Delaying Retirement – (Q & A)

Dec 2016


Dear Rick:
I would like your opinion as to my plan for retirement. I am divorced and I no longer have any obligations to my ex. Currently, I make more than enough to cover my living expenses and I’m very secure in my job. However, I want to retire next year. I will turn 62 in May when I will be eligible for a pension and Social Security. I figure I need about $65,000 to cover all my expenses. My pension and Social Security will provide me about $45,000. I plan to make up the other $20,000 by withdrawing from my investments. I have about $100,000 in investments. In addition, I plan to turn my hobby into a business. I think I can make about $15,000 a year on my hobby. You should know I do not own a home, I rent and I have no debt. My question is should I plan to retire next year?

Dear E.N.:
I hate to be bearer of bad news but I think it would be a mistake for you to retire. I see a number of pitfalls with your strategy that can cause you severe economic problems down the road. The first is turning a hobby into a business.

I have no idea what your hobby is and I have no idea if it’s lucrative or not. However, what I do know is that there is a big difference between a hobby and a business. Particularly in your situation where you have to generate income, it is totally different than generating the enjoyment you get from your hobby. Many people have attempted to turn their hobby into a business and they unfortunately find out that there are major differences. What would be tragic for you is to give up your job and to then find out you can’t be profitable in your hobby and as a result you could have a severe financial crisis.

What I would recommend from the hobby standpoint is to try it for a period of time to see if it can be profitable. Unfortunately, I think to be fair to yourself and to make an informed decision, you have to at least go through a business cycle and I would recommend that you give it at least a two-year period. In that way you at least have a record to determine if the business can be profitable and if you enjoy it.

I also potentially see another issue and that is with the return you’re expecting on your investments. If you do net $15,000 a year from your business that would mean that you would need about $5,000 a year from your investments. Particularly, for someone who is retiring at a young age such as yourself, a five percent withdrawal rate is aggressive. In your situation I would think a 3.5 percent withdrawal rate would be more appropriate.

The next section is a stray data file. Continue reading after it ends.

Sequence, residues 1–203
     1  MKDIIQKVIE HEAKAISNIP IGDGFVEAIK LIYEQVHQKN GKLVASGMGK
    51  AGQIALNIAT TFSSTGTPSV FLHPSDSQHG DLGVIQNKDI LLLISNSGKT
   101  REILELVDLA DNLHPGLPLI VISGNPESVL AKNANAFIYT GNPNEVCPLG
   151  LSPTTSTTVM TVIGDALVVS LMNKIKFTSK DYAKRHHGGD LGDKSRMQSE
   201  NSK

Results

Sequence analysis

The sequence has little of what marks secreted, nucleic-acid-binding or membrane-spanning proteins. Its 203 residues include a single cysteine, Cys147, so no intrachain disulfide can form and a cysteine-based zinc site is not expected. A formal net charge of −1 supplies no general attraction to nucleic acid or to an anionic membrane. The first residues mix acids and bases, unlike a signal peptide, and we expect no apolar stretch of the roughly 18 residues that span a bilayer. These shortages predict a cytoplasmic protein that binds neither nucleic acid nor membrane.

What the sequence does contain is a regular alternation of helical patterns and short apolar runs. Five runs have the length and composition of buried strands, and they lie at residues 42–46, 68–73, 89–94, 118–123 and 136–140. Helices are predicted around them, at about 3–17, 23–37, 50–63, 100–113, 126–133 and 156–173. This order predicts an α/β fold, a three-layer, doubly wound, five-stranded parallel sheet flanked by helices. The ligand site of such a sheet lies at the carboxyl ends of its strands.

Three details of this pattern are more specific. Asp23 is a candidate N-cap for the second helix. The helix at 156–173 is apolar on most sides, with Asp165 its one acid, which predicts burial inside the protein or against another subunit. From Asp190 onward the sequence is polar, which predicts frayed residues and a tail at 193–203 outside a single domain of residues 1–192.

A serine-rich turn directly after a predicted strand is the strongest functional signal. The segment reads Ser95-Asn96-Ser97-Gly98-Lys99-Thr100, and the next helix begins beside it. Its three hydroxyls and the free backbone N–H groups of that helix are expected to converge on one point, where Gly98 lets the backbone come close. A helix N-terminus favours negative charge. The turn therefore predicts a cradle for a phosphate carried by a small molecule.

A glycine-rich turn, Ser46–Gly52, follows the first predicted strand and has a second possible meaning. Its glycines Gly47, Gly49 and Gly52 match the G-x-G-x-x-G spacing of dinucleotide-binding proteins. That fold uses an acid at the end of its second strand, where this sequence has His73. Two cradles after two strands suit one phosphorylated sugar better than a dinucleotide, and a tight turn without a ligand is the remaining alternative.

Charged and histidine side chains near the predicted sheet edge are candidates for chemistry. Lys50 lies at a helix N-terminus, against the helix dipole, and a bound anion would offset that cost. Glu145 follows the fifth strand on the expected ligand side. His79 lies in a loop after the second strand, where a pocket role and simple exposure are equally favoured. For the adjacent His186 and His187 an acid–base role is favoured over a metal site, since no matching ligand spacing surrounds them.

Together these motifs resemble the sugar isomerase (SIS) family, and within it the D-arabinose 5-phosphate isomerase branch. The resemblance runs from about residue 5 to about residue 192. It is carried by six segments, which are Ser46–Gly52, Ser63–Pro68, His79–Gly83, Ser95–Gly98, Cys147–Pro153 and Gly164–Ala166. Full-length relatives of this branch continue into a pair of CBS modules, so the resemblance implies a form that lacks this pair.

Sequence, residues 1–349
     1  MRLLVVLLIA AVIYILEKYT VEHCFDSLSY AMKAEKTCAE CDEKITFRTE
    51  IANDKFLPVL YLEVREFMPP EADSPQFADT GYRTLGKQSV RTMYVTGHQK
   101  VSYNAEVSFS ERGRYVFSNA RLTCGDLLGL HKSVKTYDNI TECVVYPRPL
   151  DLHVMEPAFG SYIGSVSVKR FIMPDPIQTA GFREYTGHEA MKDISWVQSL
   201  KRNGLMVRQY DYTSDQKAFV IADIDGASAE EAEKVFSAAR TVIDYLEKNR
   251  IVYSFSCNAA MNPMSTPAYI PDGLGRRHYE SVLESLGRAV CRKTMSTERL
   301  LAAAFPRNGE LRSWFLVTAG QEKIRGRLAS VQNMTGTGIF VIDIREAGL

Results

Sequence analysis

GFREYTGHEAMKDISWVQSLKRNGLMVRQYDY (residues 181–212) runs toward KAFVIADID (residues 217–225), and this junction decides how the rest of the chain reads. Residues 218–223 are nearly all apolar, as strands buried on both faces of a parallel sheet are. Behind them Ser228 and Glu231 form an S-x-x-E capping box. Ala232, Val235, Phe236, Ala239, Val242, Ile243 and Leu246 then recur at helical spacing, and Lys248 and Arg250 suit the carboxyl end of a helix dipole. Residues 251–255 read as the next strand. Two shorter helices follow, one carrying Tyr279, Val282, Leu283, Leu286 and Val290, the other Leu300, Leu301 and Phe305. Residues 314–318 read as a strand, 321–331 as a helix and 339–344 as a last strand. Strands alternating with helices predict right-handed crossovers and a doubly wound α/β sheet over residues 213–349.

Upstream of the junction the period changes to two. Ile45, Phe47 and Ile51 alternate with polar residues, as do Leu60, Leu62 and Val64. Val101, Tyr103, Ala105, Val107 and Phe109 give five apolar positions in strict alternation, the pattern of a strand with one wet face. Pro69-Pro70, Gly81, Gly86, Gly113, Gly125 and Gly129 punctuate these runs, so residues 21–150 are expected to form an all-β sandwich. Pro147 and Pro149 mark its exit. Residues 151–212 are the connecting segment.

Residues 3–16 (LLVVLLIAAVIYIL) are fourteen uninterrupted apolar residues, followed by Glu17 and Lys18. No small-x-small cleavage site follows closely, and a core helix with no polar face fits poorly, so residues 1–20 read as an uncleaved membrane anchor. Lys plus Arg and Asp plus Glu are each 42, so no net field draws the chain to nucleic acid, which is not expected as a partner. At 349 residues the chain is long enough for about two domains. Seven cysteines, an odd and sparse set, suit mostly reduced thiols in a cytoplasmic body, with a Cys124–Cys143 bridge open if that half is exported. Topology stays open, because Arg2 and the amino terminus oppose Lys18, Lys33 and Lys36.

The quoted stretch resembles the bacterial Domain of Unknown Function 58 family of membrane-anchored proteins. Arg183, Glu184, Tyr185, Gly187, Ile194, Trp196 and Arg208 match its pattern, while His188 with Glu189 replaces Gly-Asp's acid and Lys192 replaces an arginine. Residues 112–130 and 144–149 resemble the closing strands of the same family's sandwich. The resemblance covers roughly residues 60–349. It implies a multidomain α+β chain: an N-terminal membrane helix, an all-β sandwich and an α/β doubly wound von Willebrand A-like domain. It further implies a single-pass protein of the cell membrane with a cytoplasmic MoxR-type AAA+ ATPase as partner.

There is another problem that I see in your strategy and that is you’re not factoring in that you will need a rising income the rest of your life, not a fixed income. We all know the cost of living is always going up, and as your cost of living increases you may be forced to withdraw larger amounts from your investments thus, leaving you in a precarious situation.

My advice is that you should not retire. By delaying retirement you will increase your Social Security and your pension and that will give you the appropriate time to determine whether your hobby can be profitable or not.

One of the toughest parts of my job is to tell someone who wants to retire that they cannot afford to. My belief is that in order to retire comfortably, you have to provide for a rising income throughout your lifetime. In the old days, the older you got the less you needed. Fortunately, or unfortunately, those days are well behind us. Just look at our own situation and look what it costs to live 20 years ago versus today. I have no doubt that 20 years from now it will cost us substantially more to live than it does today. I have said this many times and I truly believe that we live in the greatest country in the history of the world; however, there’s nothing worse in this country than to be old and poor. Therefore, to prevent you from becoming old and not having resources, sometimes the best course of action is to delay retirement.

Good luck!